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Hoffmann, R. A wiki for the life sciences where authorship matters. Nature Genetics (2008)

Thiamine-responsive anemia in DIDMOAD syndrome.

Two children with the DIDMOAD syndrome (diabetes insipidus, diabetes mellitus, optic atrophy, deafness) developed a megaloblastic and sideroblastic anemia, neutropenia, and borderline thrombocytopenia. Plasma thiamine concentration was low in one patient and normal in the other; in both children, thiamine pyrophosphate in erythrocytes and thiamine pyrophosphokinase activity were lower than the lowest values observed in control subjects. A month after institution of treatment with thiamine, the hematologic findings had returned to normal and the insulin requirements had decreased. Withdrawal of thiamine repeatedly induced relapse of the anemia and an increase in insulin requirements. We propose that an inherited abnormality of thiamine metabolism is responsible for the multisystem degenerative disorder known as DIDMOAD syndrome.[1]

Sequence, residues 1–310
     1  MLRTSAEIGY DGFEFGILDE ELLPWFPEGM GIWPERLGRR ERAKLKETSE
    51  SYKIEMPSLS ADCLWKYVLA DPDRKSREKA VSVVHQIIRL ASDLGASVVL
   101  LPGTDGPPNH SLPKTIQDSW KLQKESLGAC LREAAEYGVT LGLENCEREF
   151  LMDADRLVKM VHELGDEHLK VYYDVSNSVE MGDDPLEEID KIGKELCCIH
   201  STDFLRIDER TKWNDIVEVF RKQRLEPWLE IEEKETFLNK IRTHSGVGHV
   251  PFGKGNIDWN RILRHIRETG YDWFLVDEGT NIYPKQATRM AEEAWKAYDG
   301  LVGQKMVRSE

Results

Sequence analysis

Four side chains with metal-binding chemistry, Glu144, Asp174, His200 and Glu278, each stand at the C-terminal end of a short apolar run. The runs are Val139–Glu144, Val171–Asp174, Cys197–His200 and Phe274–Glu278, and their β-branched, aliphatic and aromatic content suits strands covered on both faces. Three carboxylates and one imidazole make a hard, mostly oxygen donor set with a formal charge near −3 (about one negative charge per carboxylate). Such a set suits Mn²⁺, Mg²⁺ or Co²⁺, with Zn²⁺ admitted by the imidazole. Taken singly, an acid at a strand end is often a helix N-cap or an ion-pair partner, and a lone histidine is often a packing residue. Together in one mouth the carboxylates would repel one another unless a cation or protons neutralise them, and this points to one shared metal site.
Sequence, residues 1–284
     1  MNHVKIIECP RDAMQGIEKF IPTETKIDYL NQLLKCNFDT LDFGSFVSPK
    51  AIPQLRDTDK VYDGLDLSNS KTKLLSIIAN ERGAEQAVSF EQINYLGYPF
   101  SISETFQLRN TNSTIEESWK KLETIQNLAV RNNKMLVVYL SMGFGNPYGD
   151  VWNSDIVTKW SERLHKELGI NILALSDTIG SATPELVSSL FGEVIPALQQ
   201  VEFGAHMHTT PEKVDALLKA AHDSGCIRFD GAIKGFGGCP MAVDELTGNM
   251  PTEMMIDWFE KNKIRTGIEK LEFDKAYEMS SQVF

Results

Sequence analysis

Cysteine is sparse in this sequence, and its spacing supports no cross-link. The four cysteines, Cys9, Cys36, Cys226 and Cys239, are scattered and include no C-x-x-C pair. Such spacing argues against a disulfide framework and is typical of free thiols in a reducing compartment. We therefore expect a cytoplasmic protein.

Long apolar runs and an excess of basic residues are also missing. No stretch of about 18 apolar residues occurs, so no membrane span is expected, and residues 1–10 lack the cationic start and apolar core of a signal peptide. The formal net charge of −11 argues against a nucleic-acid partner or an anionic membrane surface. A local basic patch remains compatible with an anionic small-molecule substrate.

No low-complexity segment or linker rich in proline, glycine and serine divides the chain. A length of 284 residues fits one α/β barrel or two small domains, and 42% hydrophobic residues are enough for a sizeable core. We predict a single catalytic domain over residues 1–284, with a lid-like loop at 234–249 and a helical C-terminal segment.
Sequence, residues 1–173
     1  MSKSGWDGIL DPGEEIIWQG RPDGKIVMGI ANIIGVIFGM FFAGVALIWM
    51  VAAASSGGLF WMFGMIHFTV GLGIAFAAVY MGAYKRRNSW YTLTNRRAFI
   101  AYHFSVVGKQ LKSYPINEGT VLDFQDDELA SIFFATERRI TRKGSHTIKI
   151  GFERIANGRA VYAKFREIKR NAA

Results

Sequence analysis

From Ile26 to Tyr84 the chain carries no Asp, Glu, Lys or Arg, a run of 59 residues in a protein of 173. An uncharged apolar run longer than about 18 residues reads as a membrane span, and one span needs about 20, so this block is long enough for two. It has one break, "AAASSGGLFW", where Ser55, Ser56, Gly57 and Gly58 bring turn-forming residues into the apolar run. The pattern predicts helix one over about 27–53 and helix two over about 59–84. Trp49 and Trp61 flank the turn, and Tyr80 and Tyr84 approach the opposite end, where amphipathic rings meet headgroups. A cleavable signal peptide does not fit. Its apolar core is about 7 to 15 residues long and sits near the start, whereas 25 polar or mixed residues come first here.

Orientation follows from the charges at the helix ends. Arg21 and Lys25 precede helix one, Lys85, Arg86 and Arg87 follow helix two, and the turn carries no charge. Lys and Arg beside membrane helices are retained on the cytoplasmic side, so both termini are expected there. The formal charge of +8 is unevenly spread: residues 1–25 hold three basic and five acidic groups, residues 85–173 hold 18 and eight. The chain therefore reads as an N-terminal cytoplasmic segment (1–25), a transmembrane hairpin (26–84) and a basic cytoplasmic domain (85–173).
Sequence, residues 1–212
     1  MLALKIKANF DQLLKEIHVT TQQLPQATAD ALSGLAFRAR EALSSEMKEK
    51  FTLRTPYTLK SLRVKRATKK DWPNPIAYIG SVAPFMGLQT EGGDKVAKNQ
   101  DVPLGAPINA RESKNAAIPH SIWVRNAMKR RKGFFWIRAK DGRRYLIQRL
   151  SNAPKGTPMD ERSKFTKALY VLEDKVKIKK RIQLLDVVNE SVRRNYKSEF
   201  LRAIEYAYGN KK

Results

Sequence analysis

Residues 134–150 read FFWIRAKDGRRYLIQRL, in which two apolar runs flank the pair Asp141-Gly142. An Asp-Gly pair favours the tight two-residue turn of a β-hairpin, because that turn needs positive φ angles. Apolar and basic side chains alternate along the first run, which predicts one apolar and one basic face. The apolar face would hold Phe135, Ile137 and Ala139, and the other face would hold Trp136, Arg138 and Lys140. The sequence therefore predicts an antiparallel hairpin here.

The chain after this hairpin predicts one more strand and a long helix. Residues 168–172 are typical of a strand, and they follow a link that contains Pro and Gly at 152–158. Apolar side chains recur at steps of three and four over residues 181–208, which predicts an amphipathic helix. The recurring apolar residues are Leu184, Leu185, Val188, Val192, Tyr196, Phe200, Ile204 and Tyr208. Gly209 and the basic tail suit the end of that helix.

1. Thiamine-responsive anemia in DIDMOAD syndrome. Borgna-Pignatti, C., Marradi, P., Pinelli, L., Monetti, N., Patrini, C. J. Pediatr. (1989) [Pubmed]
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